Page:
The backer of an initiative to raise the severance tax Arkansas charges natural gas producers has appealed to the U.S. Securities and Exchange Commission (SEC) to scrutinize two energy producers for their indirect funding of anti-tax hike groups and what those groups are telling voters.

Sheffield Nelson, a former gas utility industry executive, has tried for years to get the Arkansas severance tax raised. Recently he enlisted the aid of an economist in support of his latest signature-gathering effort to put the tax hike before voters in November. Economist Charles Venus disputed claims by producer-funded anti-tax hike groups that an increase would drive gas production from the state (see NGI, June 25).

Last week Nelson wrote to the SEC arguing that producers Southwestern Energy Co. and XTO Energy Inc., a unit of ExxonMobil Corp. are funding groups such as Arkansans for Jobs and Affordable Energy, and Stop the Gas Tax through contributions to the Arkansas State Chamber of Commerce. The groups apparently are spreading the message that a tax hike would drive energy companies from the state and kill jobs, a message Nelson said is misleading.

“They have been successful in convincing the people of Arkansas that jobs are at risk if they pass our proposed tax,” he wrote to SEC Chair Mary Schapiro. “They apparently feel that there is no ethical problem with their sitting silently by while the general public was being bombarded with this misleading information.”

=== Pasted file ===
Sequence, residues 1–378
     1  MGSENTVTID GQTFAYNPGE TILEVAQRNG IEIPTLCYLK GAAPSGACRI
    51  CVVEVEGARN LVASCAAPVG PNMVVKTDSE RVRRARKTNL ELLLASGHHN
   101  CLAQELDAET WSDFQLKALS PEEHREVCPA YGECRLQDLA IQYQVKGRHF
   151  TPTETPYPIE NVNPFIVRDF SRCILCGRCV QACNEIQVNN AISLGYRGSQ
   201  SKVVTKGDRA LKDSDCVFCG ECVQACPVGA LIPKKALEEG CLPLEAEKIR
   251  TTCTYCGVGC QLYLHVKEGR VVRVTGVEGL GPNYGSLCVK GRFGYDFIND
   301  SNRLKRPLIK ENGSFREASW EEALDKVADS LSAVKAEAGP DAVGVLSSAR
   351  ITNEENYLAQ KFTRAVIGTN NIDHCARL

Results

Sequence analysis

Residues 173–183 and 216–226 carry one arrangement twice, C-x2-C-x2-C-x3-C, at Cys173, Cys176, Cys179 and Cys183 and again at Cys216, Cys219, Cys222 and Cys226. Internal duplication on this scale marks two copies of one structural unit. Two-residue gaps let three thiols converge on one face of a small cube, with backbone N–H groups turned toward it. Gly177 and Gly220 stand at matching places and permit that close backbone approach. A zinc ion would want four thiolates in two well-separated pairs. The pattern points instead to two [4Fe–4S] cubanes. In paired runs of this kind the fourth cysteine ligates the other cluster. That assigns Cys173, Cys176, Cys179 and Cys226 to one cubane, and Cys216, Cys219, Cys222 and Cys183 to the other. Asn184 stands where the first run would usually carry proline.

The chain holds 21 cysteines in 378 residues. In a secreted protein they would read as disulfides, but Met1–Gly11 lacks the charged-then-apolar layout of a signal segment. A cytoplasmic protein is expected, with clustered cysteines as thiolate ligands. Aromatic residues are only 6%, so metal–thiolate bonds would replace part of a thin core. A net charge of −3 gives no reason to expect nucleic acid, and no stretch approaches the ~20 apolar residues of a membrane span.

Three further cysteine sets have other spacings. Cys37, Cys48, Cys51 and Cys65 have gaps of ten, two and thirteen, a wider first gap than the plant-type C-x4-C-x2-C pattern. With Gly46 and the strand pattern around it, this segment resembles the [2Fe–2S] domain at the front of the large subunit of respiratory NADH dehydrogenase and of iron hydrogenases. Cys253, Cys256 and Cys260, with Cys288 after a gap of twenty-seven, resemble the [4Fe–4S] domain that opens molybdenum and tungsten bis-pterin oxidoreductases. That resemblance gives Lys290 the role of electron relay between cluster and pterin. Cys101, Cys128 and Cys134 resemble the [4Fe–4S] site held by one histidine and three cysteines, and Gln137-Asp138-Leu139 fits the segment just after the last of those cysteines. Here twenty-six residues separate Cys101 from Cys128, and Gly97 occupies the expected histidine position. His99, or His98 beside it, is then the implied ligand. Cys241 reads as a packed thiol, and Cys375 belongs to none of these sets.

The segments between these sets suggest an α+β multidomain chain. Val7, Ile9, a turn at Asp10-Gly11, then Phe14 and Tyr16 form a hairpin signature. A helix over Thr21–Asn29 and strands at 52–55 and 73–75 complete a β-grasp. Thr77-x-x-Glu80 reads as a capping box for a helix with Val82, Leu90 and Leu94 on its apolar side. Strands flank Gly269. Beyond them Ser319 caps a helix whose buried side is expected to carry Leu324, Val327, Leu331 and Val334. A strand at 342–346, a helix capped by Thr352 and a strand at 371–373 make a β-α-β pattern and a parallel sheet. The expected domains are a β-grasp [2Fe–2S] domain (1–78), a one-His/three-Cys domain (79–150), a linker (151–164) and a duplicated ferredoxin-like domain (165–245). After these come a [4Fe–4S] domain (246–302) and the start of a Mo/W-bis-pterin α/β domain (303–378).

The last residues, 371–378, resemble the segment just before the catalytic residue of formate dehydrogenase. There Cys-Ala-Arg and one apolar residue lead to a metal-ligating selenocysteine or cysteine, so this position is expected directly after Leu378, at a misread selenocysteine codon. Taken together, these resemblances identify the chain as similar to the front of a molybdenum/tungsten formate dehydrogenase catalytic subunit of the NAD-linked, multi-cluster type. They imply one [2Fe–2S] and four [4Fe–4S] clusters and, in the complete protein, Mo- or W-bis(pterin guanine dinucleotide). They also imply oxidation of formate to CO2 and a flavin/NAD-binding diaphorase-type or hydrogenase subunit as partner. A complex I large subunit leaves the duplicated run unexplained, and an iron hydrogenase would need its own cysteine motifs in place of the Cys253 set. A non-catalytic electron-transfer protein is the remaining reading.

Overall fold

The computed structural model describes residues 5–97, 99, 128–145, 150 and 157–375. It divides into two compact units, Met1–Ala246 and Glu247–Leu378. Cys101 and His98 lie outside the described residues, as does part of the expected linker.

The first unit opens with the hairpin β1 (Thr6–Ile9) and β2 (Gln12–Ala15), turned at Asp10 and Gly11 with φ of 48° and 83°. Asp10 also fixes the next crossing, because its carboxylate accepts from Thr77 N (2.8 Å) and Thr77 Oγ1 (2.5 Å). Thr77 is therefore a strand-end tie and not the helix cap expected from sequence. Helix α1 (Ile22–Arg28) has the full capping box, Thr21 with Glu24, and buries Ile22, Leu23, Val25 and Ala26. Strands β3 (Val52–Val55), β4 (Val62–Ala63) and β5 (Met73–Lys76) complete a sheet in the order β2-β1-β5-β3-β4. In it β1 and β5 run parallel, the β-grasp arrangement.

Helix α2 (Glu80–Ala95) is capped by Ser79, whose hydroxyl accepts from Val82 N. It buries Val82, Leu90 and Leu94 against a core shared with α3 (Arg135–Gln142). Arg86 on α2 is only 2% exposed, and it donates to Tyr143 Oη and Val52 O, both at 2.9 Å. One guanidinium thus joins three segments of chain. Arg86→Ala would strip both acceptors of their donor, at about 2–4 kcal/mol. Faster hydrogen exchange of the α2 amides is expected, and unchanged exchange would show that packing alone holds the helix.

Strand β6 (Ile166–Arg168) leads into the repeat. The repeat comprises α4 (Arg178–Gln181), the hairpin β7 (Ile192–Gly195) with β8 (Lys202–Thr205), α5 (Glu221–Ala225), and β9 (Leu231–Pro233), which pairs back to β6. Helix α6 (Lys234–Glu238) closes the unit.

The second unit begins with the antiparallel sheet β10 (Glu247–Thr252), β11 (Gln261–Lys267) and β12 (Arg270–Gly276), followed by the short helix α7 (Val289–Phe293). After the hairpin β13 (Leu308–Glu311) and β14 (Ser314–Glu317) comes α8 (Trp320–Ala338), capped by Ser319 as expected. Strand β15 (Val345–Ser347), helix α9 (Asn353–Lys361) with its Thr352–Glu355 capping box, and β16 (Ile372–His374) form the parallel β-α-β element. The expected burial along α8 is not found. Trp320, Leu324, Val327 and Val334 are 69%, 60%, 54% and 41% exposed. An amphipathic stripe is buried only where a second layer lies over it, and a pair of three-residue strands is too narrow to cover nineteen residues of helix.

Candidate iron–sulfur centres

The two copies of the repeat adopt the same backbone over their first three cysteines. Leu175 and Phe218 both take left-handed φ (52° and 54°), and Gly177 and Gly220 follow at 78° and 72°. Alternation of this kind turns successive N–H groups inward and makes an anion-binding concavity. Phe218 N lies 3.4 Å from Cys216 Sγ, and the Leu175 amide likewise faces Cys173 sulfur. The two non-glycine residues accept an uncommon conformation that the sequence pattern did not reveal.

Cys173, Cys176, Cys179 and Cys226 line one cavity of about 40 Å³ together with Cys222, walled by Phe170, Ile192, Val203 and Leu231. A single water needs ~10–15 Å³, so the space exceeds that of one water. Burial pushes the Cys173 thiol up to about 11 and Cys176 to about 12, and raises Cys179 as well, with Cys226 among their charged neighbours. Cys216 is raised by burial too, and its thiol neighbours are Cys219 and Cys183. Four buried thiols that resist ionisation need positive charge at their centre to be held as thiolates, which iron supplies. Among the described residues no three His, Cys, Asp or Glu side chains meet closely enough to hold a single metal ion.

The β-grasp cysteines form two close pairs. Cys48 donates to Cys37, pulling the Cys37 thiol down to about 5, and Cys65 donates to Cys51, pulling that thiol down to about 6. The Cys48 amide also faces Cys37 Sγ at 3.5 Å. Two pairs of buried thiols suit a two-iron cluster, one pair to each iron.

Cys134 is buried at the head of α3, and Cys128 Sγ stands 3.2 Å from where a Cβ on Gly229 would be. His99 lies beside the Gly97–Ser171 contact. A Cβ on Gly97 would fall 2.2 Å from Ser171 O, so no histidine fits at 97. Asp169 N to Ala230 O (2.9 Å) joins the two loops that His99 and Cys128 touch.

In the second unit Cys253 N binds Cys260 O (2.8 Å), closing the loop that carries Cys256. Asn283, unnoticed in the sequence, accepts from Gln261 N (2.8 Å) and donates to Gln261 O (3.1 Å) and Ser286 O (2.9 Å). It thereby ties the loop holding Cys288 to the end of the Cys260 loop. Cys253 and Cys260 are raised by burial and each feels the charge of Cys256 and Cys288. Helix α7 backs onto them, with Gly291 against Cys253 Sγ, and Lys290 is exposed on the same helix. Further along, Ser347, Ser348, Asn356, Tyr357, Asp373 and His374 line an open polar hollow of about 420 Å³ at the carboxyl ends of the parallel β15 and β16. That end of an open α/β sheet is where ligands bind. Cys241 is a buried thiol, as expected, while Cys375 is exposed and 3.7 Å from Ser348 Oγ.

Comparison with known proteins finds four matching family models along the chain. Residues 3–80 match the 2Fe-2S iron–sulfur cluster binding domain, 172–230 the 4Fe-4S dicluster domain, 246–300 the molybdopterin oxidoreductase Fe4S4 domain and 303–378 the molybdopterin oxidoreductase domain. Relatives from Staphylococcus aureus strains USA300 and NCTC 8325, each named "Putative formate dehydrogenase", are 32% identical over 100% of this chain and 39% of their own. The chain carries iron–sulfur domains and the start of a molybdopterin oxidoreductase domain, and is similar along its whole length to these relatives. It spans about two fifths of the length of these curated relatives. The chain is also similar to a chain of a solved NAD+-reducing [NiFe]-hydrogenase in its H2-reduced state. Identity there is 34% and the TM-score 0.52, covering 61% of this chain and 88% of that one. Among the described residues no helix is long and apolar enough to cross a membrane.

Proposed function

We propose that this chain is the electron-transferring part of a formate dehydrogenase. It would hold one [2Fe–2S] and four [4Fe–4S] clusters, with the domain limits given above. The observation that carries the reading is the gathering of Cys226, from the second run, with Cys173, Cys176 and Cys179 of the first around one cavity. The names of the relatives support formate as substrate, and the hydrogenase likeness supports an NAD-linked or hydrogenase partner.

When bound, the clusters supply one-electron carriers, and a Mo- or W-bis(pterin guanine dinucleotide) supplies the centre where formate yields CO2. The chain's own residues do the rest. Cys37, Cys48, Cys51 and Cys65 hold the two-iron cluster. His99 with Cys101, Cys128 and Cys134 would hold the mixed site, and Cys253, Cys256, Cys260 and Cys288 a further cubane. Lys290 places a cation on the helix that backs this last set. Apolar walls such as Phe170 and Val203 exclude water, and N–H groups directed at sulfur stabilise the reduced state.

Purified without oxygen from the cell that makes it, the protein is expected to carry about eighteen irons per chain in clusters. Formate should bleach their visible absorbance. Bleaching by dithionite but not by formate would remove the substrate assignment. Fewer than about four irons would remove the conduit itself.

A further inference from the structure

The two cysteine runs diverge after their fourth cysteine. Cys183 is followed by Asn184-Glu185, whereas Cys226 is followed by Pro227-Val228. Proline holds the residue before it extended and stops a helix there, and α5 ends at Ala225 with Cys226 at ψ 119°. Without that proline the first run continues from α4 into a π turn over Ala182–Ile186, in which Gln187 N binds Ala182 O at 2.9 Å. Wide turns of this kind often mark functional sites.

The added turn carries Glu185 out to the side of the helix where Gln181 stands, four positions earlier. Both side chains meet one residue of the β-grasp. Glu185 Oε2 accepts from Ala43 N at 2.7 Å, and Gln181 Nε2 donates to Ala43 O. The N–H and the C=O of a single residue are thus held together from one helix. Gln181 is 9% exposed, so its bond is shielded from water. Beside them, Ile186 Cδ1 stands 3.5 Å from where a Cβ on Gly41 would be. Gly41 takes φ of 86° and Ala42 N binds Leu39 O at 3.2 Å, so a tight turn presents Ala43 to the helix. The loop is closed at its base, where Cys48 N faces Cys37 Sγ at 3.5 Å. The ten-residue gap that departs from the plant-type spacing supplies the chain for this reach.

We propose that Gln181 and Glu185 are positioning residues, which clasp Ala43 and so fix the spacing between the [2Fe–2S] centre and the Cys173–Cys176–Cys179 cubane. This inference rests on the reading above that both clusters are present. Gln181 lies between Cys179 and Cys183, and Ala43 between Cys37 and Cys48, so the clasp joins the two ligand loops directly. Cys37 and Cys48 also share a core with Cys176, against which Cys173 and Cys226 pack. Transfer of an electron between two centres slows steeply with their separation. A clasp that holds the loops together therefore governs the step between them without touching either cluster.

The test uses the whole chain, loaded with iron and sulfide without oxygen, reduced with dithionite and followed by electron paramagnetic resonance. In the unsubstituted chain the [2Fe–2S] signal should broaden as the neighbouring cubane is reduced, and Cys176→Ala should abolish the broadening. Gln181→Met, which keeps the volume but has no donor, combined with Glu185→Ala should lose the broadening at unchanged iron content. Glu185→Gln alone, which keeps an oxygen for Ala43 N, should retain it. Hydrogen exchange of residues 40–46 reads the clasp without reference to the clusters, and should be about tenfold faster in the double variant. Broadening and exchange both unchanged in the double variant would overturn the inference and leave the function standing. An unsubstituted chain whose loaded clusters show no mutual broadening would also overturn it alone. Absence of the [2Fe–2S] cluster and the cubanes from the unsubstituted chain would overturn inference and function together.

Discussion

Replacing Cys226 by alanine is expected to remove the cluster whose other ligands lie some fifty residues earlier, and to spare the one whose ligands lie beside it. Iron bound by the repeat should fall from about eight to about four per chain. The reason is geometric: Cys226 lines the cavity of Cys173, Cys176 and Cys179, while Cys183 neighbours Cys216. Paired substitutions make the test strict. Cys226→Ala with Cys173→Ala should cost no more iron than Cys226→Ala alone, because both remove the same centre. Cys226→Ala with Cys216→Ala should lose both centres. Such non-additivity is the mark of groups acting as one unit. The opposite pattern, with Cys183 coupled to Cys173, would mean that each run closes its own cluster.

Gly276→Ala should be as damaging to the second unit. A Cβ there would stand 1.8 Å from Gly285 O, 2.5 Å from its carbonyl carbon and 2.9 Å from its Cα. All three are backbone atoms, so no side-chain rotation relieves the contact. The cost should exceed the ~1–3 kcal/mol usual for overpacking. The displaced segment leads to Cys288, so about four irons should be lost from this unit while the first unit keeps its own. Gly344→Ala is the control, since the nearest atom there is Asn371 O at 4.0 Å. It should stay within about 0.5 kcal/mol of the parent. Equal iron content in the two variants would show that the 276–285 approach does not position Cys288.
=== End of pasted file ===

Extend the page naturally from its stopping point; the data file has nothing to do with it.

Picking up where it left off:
Sheffield argues that both Southwestern and XTO have invested “significant amounts of money” in Arkansas drilling operations. Any plan on their part to leave the state is material and something of which all of the companies’ investors should be informed, not just the people of Arkansas, Sheffield said in his letter. “They should either have to notify all shareholders of their position, if they do plan to leave the state if this proposal passes, or they should have to spend a significant amount of money with the Arkansas news media to correct the misimpression they have intentionally created here.”

The current severance tax is capped at 5%, but it can be lower depending on the type of gas well in question. The existing tax was adopted in 2008 with the intent of generating $100 million annually. Nelson has said his measure would raise $250 million a year. The Republican, who was a chairman of Arkla Inc. and a former gubernatorial candidate, is now leader of the Committee for a Fair Severance Tax.

Polls taken earlier this year found opposition to the tax hike (see NGI, April 30). Some have said a tax hike would threaten the continued development of the Fayetteville Shale, which the University of Arkansas and Arkansas State Chamber of Commerce recently credited for saving the state from the recession (see NGI, June 18).

XTO spokesman Jeff Neu said Sheffield’s appeal to the SEC is not warranted. “If enacted, a significant severance tax increase would impact our costs to drill in Arkansas, and such costs will be taken into account when making future investment decisions,” he said.

Southwestern, which did not respond to a request for comment, accounted for almost 62% of the 1.073 Tcf of natural gas sold in Arkansas in 2011, according to Arkansas Oil & Gas Commission data. BHP Billiton Petroleum sold another 15.77% and XTO sold 15.30%.

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